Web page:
Starring-Maron Kroymann, Kostja Ullman

Scott’s Review #670

Reviewed August 9, 2017

Grade: A-

Punish Me (sometimes titled Hounded) is a provocative 2005 German language film that pushes boundaries and titillates the viewer with its racy themes of masochism and pedophilia that will be way too much for your average viewer to marinate and digest. In fact, some may be completely turned off (rather than on) by this film. However, for the edgy thinker, the film is quite the find. Unique, extreme, and thoughtful, Punish Me is an experience to remember.

Shot entirely in black and white (rare for twenty-first century cinema) the film appears bleak and harsh, cold almost- and that is no doubt an intentional measure. The grizzled German landscape (the city is unidentified), gives the film an interesting and effective cinematography, transforming the black and white colors exceptionally well, whether the scene is set in daylight or night time. Something about the black and white decision is genius.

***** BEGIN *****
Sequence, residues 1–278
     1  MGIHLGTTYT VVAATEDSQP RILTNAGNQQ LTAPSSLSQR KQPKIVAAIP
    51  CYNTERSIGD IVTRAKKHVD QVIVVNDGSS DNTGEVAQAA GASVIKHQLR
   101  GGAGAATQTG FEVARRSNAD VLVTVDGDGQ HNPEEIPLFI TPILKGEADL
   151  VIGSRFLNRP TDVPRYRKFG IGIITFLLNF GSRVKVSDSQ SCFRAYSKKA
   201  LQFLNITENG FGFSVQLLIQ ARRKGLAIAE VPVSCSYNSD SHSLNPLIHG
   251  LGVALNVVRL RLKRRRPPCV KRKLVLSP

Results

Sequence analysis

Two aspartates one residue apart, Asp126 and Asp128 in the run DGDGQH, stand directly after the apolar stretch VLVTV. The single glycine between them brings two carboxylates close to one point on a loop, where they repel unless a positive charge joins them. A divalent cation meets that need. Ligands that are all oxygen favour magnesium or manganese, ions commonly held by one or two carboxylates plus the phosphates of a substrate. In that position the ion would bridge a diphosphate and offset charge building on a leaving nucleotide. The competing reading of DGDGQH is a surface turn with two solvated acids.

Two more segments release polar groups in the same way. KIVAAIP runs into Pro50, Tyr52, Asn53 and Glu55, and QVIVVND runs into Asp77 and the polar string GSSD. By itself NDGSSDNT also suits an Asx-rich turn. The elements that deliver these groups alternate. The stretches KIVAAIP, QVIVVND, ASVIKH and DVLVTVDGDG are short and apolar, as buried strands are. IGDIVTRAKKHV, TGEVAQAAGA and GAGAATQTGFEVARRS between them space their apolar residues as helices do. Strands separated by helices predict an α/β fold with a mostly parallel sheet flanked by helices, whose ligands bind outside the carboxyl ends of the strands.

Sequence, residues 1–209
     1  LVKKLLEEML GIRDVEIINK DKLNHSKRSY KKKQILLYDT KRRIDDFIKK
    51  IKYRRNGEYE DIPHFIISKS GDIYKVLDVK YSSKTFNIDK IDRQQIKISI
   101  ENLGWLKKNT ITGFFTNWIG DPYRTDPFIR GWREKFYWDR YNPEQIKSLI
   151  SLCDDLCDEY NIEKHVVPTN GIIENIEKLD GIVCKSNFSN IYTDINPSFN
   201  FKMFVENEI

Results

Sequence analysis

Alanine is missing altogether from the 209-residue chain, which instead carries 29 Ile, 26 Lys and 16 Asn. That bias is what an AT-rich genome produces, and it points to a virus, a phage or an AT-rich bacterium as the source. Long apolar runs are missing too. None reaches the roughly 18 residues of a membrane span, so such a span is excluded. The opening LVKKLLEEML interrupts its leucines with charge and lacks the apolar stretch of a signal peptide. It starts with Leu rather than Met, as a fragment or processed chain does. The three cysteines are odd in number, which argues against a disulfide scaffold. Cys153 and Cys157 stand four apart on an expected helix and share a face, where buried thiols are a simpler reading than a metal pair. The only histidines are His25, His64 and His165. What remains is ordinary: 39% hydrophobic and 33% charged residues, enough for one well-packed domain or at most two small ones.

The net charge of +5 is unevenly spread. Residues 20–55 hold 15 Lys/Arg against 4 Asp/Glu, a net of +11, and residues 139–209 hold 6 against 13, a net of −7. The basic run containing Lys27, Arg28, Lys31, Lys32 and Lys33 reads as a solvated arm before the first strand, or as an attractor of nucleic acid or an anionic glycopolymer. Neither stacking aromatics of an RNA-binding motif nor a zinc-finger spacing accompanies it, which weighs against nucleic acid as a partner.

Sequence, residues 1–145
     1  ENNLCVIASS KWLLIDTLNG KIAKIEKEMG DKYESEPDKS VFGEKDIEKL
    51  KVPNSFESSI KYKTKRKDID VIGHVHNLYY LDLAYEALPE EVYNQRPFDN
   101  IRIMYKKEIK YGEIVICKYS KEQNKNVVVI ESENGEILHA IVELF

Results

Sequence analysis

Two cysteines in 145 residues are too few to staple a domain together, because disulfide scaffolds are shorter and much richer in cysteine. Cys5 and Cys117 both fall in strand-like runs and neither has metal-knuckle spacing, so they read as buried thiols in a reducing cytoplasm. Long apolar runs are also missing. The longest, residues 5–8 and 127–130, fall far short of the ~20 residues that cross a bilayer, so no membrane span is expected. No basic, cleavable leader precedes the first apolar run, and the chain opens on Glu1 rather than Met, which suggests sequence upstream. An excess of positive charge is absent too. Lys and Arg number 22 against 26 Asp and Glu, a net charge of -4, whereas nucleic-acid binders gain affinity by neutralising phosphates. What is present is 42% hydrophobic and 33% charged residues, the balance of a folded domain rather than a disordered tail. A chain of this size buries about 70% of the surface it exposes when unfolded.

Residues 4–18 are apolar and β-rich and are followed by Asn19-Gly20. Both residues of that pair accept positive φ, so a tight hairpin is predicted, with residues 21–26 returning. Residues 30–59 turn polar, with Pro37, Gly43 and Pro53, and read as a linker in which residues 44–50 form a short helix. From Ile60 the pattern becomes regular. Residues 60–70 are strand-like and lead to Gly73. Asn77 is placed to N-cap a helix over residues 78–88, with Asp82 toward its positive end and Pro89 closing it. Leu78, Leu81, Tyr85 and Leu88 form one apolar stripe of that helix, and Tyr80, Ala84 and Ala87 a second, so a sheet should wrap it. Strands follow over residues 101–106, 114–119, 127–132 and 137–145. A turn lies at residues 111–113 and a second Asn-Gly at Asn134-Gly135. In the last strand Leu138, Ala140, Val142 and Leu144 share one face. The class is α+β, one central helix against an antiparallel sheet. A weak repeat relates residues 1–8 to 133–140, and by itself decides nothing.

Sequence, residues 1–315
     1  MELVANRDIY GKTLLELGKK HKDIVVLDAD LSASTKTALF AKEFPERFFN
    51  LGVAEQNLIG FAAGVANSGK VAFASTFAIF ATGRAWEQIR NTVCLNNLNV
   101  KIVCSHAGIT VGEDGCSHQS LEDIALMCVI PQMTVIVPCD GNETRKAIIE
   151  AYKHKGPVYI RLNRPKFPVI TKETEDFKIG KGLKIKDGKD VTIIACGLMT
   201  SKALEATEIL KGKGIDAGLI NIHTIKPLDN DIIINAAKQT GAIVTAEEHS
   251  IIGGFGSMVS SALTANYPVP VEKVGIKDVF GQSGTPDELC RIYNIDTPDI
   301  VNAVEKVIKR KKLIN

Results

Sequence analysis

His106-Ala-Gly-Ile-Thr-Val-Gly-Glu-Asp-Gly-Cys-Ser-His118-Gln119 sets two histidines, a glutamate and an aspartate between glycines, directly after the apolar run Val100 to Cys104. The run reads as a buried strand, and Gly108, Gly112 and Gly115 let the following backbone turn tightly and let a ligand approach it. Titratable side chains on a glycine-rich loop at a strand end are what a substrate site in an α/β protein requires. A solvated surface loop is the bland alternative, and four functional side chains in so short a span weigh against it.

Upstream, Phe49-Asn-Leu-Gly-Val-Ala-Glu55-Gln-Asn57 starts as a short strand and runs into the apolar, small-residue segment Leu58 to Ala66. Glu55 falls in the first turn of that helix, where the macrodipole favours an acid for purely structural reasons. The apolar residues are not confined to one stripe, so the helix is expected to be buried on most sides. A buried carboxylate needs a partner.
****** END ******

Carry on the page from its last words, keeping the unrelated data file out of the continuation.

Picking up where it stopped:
Elsa Seifert (Maren Kroymann) is a fifty year old probation officer. Married and raising a teenage daughter, she appears to live a stable, middle class existence. When one of her charges, Jan (Kostja Ullman), a sixteen year old, handsome young man, gives a pursuit of her, their relationship turns into an obsessive, lustful situation for both. Jan, you see, likes to be sexually beaten, and, at first, hesitant, Elsa slowly gets immersed in Jan’s world.   When other characters begin to catch wind of the situation between Jan and Elsa, the film really becomes intense.

Astounding to me is the fact that Punish Me is directed by a woman, Angelina Maccarone. This both surprises, and impresses me. Thought-provoking is the female perspective in the film. Elsa is not an unhappy woman- though she nervously chain-smokes in almost every scene. She initially has no intention of being sucked into Jan’s eccentricities. As she awkwardly spanks him in their first steamy, sexual encounter, she is gentle, yet she quickly intensifies. Is she insecure with her middle-aged body? She certainly gets carried away by Jan’s charms, putting both career and husband at risk. Can she stop herself before it’s too late?